The aforementioned Richard Parkes Bonington of The Palazzi Manolesso-Ferro, Contarini-Fasan and Venier-Contarini on the Grand Canal, Venice soared past its estimate at Sotheby's New York yesterday. The painting achieved $7,387,300 (inc. commission) against its $2m - $3m estimate. Judging by how many pictures of it were being posted on social media, it seemed obvious that the picture was going to do well.

Overall, the Feigen sale achieved an impressive $16,145,610 with 78.19% of lots sold. Having said that, it could have been more considering that 6 out of their 15 top estimated works failed to find buyers.

Anne Seymour Damer display at Strawberry Hill House

October 19 2021

Image of Anne Seymour Damer display at Strawberry Hill House

Picture: Stawberry Hill House

Posted by Adam Busiakiewicz:

Strawberry Hill House, the former home of Horace Walpole, has installed a new display dedicated to the artist Anne Seymour Damer (1748-1828). The display will include a recently rediscovered bust of a Niobid and John Downman's portrait of Damer loaned from a private collection (pictured).

According to their website:

The central object in the new display is Damer’s marble bust of her mother, Caroline Campbell, Lady Ailesbury, probably made in the late 1780s. The bust – today owned by a private collector, was until recently on display in New York’s Metropolitan Museum. Campbell’s serene and composed expression evoke the ideals of ancient sculpture, a connection further echoed by Damer’s dual signatures in Latin and Greek. On the reverse, is a personal dedication of the work to her ‘friend and mother’. Damer kept this bust throughout her life and carved another version in Portland stone for her mother’s tomb in Saint Mary’s Church, Sundridge, Kent, where Damer herself is buried.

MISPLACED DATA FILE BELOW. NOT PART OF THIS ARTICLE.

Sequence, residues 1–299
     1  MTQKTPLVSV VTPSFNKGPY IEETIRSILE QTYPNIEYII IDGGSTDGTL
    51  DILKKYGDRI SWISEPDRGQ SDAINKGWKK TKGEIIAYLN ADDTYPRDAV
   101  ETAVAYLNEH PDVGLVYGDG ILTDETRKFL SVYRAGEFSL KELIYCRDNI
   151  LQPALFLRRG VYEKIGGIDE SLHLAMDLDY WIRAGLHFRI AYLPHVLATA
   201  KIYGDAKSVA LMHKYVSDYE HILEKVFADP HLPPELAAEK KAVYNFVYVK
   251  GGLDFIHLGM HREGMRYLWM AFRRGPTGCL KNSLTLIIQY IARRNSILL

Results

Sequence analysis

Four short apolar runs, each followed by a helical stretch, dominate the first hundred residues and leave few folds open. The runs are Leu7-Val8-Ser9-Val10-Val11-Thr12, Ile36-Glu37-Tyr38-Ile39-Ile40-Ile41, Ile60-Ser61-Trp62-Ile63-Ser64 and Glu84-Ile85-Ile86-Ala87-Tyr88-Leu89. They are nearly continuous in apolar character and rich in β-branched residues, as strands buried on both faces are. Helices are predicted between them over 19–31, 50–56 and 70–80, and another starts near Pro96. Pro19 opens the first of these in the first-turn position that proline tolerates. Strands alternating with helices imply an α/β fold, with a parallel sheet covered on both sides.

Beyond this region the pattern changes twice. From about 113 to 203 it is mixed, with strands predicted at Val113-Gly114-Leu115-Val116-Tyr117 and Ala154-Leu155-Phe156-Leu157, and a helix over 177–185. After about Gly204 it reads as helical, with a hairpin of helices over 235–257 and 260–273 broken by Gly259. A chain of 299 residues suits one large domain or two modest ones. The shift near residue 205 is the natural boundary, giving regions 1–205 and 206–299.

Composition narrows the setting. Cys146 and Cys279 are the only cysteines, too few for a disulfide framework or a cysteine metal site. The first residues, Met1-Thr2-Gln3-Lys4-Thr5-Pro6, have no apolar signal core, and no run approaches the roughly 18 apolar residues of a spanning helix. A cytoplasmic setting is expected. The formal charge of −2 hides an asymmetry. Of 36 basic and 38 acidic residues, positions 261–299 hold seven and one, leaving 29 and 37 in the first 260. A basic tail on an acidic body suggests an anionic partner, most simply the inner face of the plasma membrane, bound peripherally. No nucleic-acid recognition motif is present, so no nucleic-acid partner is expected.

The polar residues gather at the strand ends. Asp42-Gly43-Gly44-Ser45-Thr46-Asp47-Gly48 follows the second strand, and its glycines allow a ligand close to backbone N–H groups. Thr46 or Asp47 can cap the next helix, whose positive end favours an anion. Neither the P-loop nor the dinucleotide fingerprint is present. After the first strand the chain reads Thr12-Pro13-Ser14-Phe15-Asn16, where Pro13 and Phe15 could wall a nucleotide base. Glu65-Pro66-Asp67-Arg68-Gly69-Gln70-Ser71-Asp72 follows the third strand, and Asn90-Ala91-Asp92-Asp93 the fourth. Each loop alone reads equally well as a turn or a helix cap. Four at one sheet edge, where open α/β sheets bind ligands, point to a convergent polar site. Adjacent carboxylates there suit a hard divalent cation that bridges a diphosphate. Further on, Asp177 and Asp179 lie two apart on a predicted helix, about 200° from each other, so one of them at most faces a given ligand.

A second marble bust, a Niobid, which was until recently thought to be lost, can be seen at Strawberry Hill for the very first time. In Greek mythology, Niobid was one of Niobe’s daughters, who were slain by Apollo and Artemis after Niobe boasted of having more children than their mother, the goddess Leto. In his Book of Visitors, Walpole reported this was the first marble bust ever sculpted by Damer: “Bust of Niobe in marble. Her first attempt”, which is confirmed by the inscription on the back of the bust, ‘Opus Primum’, first work. 


As part of the In Focus display, there is a chance to see a rare portrait of Anne as a sculptress, by John Downman (1750-1824). In his drawing, on loan from a private collection, we see her working on a bust of the Polish Prince Lubomirski, as the young Bacchus (the bust is today held at the Ashmolean Museum in Oxford). Downman’s portrait, dated 1793, represents Anne at the age of 43 and is the most detailed representation of her while at work.

The display will last until 3rd January 2022.

Update - A reader has been in touch with the following information about the origins of the Niobid:

Sorry to be a pedantic pain but Niobid is not the name of a daughter of Niobe. A niobid is a common noun referring to any and all of the children of Niobe. According to the Larousse Encyclopedia of Mythology, pp. 131-2 she had six sons as well as six daughters and all twelve were killed by Artemis/Diana and Apollo her brother in revenge for Niobe’s hubris in taunting their mother Leto for having had fewer children than herself.  The subject gets quite complicated. The Wikipedia page on the Niobids lists their names and all the variations.

Christie's Results

October 15 2021

Image of Christie's Results

Picture: Christie's

Posted by Adam Busiakiewicz:

Christie's NY Old Master Paintings and Sculpture sale achieved $19,535,125 yesterday with an estimated 74.82% of lots sold.*